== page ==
I come at this issue from a different paradigm than Sunday’s lesson. It seems like it was saying that the reason to pray is to get various benefits from it and to avoid the dire consequences if you don’t pray. The benefits are revival and reformation in your church, power, and positive change in your own life. And if you don’t pray, you will miss out on all those things and slide into apostasy.
I don’t see it that way. There’s truth in those ideas, but I don’t think it’s the most important truth.
Inspired by Hephzibah, My Delight
During the time in my life when I prayed the most, I prayed about fifty minutes every evening and loved it. Why did I do this? Because a Week of Prayer speaker had given me such a surprising vision of the incredible love of God that I simply wanted to talk to God on my walk back to my dorm room that night after the meeting.
So I stopped at a nice overlook of the campus and chatted with God for a while. I wanted to be around Him, around Someone Who loved me as intensely and tenderly as this speaker had described: he had explained that God called me hephzibah, “my delight,” and had gone deeply into what that means.
Sharing a Real Life, Not Just Requests
And so I ended up telling Him all about my day and about my various challenges in college, and, because of my beliefs and temperament, this praying wasn’t a series of requests as if talking to a genie but rather was a sharing of my heart and soul and life with Someone Who truly understood me and deserved my trust.
I was aware the whole time that God knew all about what I was describing and knew everything in my mind and knew what I was going to say, but I still wanted to talk to Him because of His love for me and because I felt perfectly accepted when talking to Him as I felt with no other.
Conversing with My Friend
I also asked Him questions and listened for the response and trusted that He was communicating something to my mind even if I didn’t hear an audible voice. I thought, “In a human conversation with a friend a would need to stop now and then and listen, so I should with God, too.”
And, in the end, I knelt down on the ground and just enjoyed the calmness and peace of the knowledge that I didn’t need to say anything at all, that He was just there, loving and accepting me. We just stayed quietly in communion or togetherness for a short time, and then I went inside and went to bed.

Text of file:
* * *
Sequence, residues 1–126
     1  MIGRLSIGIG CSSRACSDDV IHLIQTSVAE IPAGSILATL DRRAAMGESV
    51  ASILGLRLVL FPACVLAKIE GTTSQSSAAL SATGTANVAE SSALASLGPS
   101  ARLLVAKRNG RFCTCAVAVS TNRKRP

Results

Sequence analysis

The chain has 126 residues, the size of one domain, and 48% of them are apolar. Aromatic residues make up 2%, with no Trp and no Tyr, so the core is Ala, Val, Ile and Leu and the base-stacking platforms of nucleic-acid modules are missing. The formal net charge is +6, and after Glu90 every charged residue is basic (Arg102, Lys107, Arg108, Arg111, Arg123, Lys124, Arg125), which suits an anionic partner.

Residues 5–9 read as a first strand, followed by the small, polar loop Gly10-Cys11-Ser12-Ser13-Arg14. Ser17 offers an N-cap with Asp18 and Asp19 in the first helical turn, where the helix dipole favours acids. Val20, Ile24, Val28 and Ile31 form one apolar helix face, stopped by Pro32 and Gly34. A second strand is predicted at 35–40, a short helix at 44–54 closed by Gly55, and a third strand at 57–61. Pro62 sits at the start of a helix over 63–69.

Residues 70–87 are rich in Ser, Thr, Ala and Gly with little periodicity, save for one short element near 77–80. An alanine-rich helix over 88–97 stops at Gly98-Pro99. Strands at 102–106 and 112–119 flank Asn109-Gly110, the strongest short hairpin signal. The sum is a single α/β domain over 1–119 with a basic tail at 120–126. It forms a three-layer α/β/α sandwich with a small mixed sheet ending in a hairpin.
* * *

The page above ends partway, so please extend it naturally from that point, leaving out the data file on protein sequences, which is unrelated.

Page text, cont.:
Praying and Losing Track of Time
And the next night, I had another fifty-minute time like that with Him. And not because I timed it. I just told Him what was going on, listened, communed, and then fifty minutes had passed when I finally looked at my watch. This went on night after night for many months, and I felt more like a complete human being or a real man than I ever had before.
My point is I wanted to be with Him, I enjoyed it, because I had been inspired by His love. I needed to share everything with Him. I needed to process what I was going through and get it out in the open and give it all to Him. It was not motivated by a desire for revival or power or evangelism goals. It was because of a desire for Him, because of a vision of His tenderness and passion for me.
There’s nothing wrong with having evangelism goals, but I think this lesson focuses too little on spending time with a Person and too much on getting power, which isn’t the way I think about prayer. What do you think?
In my next post, I’ll tell you what I think we can do to help people have better prayer lives. Until then…
(Praise Team Leader at New Horizons SDA Church in Republic, MO)